Heat transfer in cooling fins.xls
KNOWN: Dimensions and base temperature of aluminum fins of rectangular profile. Ambient air conditions.
FIND: a) Fin efficiency and effectiveness.
b) Rate of heat transfer per unit length of tube.
ASSUMPTIONS: 1) Steady-state conditions.
2) One-dimensional radial conduction in fins .
3) Constant properties.
4) Negligible Radiation.
5) Negligible base contract resistance.
6) Uniform convection coefficient.
Fundamentals of Heat and Mass Transfer - Frank P. Incropera
To determine the heat transfer coefficient between a sphere and an air stream, we can use the method of lumped capacitance analysis. This approach assumes that the temperature of the sphere is spatially uniform and that radiation exchange effects are negligible. Here's how you can proceed:
Obtain temperature-time data: Obtain the temperature-time history of the copper sphere as it is exposed to the air stream. Ideally, this data should cover a significant portion of the cooling process.
Determine the initial and ambient temperatures: Identify the initial temperature of the sphere (T_initial) and the ambient temperature of the air stream (T_ambient). These temperatures should be measured or known.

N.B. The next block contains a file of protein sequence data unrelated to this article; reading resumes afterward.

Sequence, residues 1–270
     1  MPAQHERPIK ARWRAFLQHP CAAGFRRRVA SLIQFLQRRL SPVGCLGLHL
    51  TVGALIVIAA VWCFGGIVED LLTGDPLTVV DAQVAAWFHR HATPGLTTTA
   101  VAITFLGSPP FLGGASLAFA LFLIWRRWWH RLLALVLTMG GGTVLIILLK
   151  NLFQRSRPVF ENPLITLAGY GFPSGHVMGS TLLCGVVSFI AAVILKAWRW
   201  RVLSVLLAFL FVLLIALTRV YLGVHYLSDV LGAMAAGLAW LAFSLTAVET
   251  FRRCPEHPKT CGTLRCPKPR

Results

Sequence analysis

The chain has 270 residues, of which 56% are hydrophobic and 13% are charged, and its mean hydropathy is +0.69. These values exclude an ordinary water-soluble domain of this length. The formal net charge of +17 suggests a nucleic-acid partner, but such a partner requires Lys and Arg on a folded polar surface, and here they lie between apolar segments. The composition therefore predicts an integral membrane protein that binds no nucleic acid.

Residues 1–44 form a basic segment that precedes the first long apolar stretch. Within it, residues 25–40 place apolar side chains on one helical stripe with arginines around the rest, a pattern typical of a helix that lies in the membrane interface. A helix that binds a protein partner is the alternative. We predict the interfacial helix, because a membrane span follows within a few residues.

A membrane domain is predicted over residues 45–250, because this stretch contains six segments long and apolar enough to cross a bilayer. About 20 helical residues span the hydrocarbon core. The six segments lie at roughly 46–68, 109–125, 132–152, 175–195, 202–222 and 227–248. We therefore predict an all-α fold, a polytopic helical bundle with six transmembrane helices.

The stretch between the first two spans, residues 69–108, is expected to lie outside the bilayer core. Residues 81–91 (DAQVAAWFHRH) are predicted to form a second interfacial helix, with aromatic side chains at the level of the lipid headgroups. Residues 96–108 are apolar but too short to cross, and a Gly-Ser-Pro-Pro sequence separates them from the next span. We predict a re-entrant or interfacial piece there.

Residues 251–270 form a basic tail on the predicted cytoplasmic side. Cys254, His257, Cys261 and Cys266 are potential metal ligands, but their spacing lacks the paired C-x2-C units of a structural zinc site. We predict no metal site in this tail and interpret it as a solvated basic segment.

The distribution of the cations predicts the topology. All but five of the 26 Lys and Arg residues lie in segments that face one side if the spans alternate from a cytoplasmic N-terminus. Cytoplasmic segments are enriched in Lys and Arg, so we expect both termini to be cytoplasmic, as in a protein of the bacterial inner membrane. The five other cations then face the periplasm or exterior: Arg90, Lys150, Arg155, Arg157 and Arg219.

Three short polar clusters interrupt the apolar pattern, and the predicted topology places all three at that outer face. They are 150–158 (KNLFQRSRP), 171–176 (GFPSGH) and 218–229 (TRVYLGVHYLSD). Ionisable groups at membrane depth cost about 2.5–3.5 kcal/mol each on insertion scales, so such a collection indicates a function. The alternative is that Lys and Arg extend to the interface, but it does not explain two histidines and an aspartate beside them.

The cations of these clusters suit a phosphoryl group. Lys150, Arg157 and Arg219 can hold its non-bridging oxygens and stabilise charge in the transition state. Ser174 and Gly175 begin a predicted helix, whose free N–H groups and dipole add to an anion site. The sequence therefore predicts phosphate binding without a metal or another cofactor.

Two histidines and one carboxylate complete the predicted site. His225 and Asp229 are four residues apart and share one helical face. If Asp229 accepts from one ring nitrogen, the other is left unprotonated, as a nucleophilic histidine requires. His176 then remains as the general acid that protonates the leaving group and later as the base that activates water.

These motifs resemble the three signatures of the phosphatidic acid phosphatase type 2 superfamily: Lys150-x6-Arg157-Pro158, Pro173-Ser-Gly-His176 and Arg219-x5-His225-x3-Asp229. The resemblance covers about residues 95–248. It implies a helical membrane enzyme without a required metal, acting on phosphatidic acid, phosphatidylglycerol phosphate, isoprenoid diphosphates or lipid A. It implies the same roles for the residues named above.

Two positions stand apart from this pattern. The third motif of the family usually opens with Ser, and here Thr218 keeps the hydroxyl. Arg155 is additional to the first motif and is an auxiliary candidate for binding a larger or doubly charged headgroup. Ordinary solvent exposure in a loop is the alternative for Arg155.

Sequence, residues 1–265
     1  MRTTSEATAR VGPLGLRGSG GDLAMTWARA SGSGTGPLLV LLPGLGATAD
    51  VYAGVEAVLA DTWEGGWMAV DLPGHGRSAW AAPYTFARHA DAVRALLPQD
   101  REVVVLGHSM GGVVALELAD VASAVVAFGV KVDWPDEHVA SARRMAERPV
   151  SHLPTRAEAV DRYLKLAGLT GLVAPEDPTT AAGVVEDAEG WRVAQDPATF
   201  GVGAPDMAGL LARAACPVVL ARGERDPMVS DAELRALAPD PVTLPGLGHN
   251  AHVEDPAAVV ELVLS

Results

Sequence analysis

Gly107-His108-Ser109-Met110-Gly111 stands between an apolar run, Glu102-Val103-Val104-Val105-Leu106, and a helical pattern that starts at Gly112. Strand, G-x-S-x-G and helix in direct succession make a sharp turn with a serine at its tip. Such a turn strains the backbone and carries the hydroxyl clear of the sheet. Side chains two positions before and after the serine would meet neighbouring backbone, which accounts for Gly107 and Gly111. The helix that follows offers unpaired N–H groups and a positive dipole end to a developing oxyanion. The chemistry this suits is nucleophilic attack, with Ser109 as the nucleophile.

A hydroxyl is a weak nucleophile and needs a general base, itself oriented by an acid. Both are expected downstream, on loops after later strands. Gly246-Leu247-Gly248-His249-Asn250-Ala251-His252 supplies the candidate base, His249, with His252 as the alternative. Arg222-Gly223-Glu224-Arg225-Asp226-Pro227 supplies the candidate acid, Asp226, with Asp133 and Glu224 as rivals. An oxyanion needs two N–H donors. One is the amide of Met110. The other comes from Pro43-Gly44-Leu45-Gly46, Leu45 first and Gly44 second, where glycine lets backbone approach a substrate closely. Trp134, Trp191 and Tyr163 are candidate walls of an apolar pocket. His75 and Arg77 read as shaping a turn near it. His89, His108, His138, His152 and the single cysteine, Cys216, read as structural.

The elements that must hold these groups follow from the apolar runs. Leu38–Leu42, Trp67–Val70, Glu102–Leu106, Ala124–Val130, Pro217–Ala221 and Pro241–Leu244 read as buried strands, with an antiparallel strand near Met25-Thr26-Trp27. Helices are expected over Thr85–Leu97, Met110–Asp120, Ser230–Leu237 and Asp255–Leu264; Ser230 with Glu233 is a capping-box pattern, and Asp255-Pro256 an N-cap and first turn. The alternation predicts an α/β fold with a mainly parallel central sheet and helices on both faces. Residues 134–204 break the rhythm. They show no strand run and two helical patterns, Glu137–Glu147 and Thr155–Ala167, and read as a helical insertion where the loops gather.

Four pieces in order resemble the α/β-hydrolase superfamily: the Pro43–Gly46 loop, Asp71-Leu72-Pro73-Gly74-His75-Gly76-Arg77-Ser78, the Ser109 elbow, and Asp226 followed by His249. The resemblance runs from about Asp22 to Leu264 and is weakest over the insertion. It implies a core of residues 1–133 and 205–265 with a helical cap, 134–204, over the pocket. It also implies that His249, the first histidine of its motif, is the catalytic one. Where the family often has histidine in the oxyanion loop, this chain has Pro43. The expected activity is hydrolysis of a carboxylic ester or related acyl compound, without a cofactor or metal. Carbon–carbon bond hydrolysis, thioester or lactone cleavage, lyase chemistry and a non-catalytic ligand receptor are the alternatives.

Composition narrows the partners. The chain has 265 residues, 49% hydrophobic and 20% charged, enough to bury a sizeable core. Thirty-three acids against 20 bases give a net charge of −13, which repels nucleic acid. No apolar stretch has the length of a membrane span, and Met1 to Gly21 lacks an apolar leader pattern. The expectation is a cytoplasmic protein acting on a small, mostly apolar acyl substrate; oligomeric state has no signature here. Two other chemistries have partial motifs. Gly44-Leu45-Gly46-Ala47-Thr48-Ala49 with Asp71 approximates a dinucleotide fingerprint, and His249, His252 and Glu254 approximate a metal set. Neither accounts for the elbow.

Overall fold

Calculate the Biot number: The Biot number (Bi) is a dimensionless parameter that characterizes the relative importance of convection and conduction in the heat transfer process. It can be calculated using the following equation:
Bi = h * R / k
Where h is the heat transfer coefficient, R is the characteristic length of the sphere (typically its radius), and k is the thermal conductivity of the sphere material (copper in this case).
Determine the time constant: The time constant (τ) represents the time it takes for the sphere to cool to a significant extent. It can be calculated using the following equation:
τ = (ρ * V * c) / (h * A)
Where ρ is the density of the sphere material, V is the volume of the sphere, c is the specific heat capacity of the sphere material, h is the heat transfer coefficient, and A is the surface area of the sphere.
Analyze the temperature-time data: Plot the temperature-time data for the cooling process of the sphere. Identify the time at which the temperature reaches a specified fraction (e.g., 0.1 or 0.2) of the initial-ambient temperature difference (T_initial - T_ambient).
Determine the heat transfer coefficient: Using the Biot number and the time constant, you can determine the heat transfer coefficient (h) using empirical correlations or analytical solutions specific to the cooling process of a sphere in an air stream.
Note: The specific correlations or solutions used to determine the heat transfer coefficient depend on the specific conditions and geometry of the system. Consult heat transfer literature or relevant resources to identify suitable correlations for your particular case.
By analyzing the temperature-time data and applying the lumped capacitance analysis method, you can estimate the heat transfer coefficient between the sphere and the air stream.
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